HILL TOP Location: Near Sawrey, Cumbria, LA22 0LF [map] [map] Open:10am-5pm(closed Friday) Admission: £10.00 (free to National Trust members) 5-word summary: Beatrix Potter's Lakeland cottage retreat Website:www.nationaltrust.org.uk/hill-top Time to set aside: an hour
150 years after her birth, in Kensington as it happens, the works of Beatrix Potter remain enduringly popular. Her tales of mischievous rabbits and kindly hedgehogs, illustrated in her inimitable style, have captured the imagination of millions and continue to sell to this day. Beatrix lived out the second half of her life in the Lake District, settling in the village of Near Sawrey beyond the shores of Lake Windermere. Sales of her first book allowed her to buy Hill Top Farm, then in 1913 she married a local solicitor and they moved into a larger cottage close by. That's now a private home, but the house and garden at Hill Top are still open, bequeathed by Potter to the National Trust along with a considerable portion of the local countryside. And many thousands make the pilgrimage to Hill Top each year, not least the Japanese, whose love for Peter Rabbit knows no bounds. [10 photos]
Other than the tourists, Near Sawrey's a fairly typical Cumbrian village. A cluster of cottages at a junction of roads surrounded by fields, easier to walk round than to drive, on the slopes between high woods and lakes. The western half of the village looks down towards Esthwaite Water, while the east is on higher ground where sheep safely graze. Back in Beatrix's day the place supported two shops, a pub, a smithy, a carpenter, a timber merchant and a post office, whereas today only the pub survives, along with a hotel and various cottages that do cream teas. Expect to see several tourists wandering around taking pictures, especially of cottagesimmortalised in some of Beatrix's illustrations, which a National Trust map helps to identify. One B&B has placed a straw Mr McGregor on a bench out front, offering a photo opportunity in return for a charitable donation, while the pub revels in attracting passing trade because there isn't actually much more in the village to see.
Hill Top is still a working farm, but visitors don't get to see much of that, with access restricted to the house and garden, plus a small shop shoehorned in by the front gate. You'll need to have paid back in the car park, which is a little annoying if you haven't come by car, and might mean a gaggle of Japanese tourists have taken their timed ticket before you. I had an hour to wait before I could enter the farm cottage, but that left the gardens to look round, and they're beautifully maintained. Unfortunately they're also quite small, not by farmhouse standards, but in terms of visitor attraction capacity. The main garden follows a long path up from the shop to the house, its borders bursting with summer colour, but not the easiest place to stand and admire when others are trying to walk up after you. Then there's the vegetable patch, a stepped square surrounded by hedges, with Mr McGregor's tools planted artfully in the earth. Everybody wants their photo taken here, with the cottage in the background, but you have to take your turn and it takes a miracle not to end up with a mass of milling visitors inbetween.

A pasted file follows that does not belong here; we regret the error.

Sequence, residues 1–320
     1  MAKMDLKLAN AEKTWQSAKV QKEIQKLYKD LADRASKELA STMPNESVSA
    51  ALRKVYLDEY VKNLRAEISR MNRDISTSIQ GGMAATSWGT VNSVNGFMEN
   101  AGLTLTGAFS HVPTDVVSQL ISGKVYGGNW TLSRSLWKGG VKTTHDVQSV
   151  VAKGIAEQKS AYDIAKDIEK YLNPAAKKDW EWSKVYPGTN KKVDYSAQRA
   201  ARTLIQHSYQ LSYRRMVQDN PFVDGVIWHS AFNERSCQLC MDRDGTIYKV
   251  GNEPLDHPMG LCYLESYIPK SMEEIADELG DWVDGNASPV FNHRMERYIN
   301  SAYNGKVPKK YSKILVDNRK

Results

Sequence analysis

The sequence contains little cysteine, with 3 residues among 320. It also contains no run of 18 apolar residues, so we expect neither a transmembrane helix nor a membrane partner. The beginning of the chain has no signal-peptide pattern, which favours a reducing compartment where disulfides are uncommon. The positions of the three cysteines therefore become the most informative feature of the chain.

Oh, but that's it for outside. A long garden and a square garden, plus not that many benches to sit on, means there's not that much to see while you wait to get inside. A lot of people end up gathering outside Hill Top's front door waiting for their scheduled visit, making an unobscured photo almost an impossibility, or heading back down to the shop to peruse the merchandise again. Potter's books are among the cheaper souvenirs, while anything with the rabbit on seems to sell well overseas. A few Middle Eastern tourists looked distinctly nonplussed by the wait, hanging around in the layby across the lane, unwilling to stroll off and explore elsewhere. I used my spare half hour to write some postcards, affixed with Peter Rabbit stamps I'd bought with me. The Royal Mail have issued a special 150th anniversary set, and have promised that any letter posted this week in Near Sawrey's postbox will get a special Peter Rabbit postmark. I'm glad they told me what it was in advance, because my postcard arrived home the following day irredeemably smudged, and the rest of my family regretfully report the same.
When at last the time comes to enter the house, rest assured it won't be overcrowded inside. Numbers are carefully controlled to allow you to wander around freely and unguided, to enjoy the cottage interior that Beatrix used as a place of inspiration. Almost all of it is original, from the furniture to the knick-knacks, because transfer to the National Trust was made directly after Potter's death in 1943. In a rather nice touch children are offered a copy of The Tale of Samuel Whiskers to take round, with certain pages marked, as a treasure hunt to find the actual dresser, fireplace or bedstead depicted in the illustrations. It's evocative, and somewhat dark, but with only two rooms accessible on the ground floor not especially large. Upstairs there are four more rooms to see, with contents including the doll's house from The Tale of Two Bad Mice and a selection of her brother's paintings, plus a sign reading 'Please Mind The Step' in Japanese. A visit to Hill Top opens an illuminating window into the author's life, although perhaps isn't great value for the admission price, especially if you've come halfway round the world to enjoy.